Fourth, the SSGN's precision- guided Tomahawk missiles would reach distant targets about 1,000 miles away, providing extensive strike capability into areas denied other US forces. Furthermore, it would have the potential to carry follow- on weapons such as unmanned aerial and undersea vehicles, improved communications and other new technologies to counter emerging threats. Fifth, the Navy has made a concept known as network centric warfare the centerpiece of its efforts to transform its forces. With its improved communications, large antennas for sharing data and the ability to network with other naval and joint warfighting elements the SSGN would further contribute to the Navy's vision for network centric warfare. Sixth, the SSGNs combination of stealth, intelligence gathering, and special operations capability would enable it to conduct its own unique forms of information warfare. And finally, war games and experimentation with the SSGN show its potential for using a mix of shortreaction strike weapons and enhanced intelligence collection capabilities to counter the challenge of mobile targets.

SSGNs would have an advantage in that they could fire all their Tomahawk missiles in one salvo or launch operation. According to Navy officials, doing so can preserve the element of surprise, eliminate the opportunity for the targets to move, and allow a vessel to rapidly attack multiple targets. A maximum strike configured SSGN operating with a carrier battle group would still provide about 44 percent of the total Tomahawk missiles available at the beginning of the conflict.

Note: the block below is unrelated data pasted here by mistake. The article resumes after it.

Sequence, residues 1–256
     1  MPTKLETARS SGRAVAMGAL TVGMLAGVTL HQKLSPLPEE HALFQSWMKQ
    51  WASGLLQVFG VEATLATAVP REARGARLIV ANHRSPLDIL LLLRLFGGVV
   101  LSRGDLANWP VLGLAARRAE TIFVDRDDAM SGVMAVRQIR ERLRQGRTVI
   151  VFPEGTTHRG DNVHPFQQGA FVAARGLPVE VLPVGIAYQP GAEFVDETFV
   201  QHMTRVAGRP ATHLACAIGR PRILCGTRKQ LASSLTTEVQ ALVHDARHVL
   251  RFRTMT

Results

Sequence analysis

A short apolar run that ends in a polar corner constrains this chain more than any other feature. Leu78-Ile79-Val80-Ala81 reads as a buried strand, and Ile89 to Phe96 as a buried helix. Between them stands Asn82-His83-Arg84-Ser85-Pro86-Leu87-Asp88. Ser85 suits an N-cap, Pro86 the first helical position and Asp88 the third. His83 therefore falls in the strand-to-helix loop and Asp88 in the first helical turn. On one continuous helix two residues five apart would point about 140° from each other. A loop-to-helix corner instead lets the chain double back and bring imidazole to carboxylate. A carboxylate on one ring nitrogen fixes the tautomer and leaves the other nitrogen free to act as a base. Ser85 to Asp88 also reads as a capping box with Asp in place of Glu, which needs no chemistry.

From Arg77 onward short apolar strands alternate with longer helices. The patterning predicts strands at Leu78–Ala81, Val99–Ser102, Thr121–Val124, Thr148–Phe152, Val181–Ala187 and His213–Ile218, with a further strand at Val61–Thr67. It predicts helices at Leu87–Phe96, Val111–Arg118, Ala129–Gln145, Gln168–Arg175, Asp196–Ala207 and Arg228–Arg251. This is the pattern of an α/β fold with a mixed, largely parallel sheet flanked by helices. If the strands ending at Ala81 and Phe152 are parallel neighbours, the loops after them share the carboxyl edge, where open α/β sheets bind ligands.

The crews would be rotated during the middle of planned deployments and, on average, would allow the SSGNs to accrue more presence days. Having rotating crews allows the ship to be at sea about 70% of the year – an operational status that was (and continues to be) a requirement for the mission of nuclear deterrence. This is not new – the OHIO-class SSBNs were designed to support a high operational status from the beginning...they were tailor-made for this purpose. This ability to remain on station for extended periods fits in neatly with the vision of the SSGN mission, keeping a massive strike capability within range of the conflict for as long as necessary.

The SSGN would normally carry 66 special operations forces personnel for about 90 days and could surge to 100 for short periods of time, if needed. The SSGNs extended endurance would allow them to conduct multiple special operations forces missions. The dry deck shelter is a large steel structure attached to the outside of specially configured submarines. It can be used to transport and launch a SEAL Delivery Vehicle or to lockout special operations forces personnel. The SEAL Delivery Vehicle is a small, wet, battery- powered submarine that is stowed in, and launched from the dry deck shelter. It operates in shallow waters near the coastline. The SEAL Delivery Vehicle is termed a wet submarine since the interior, containing the crew and cargo, is fully flooded during submerged operations. Crew and passengers wear scuba gear or use the SEAL Delivery Vehicle?s auxiliary life support system during transit.



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Page last modified: 01-07-2021 14:52:48 ZULU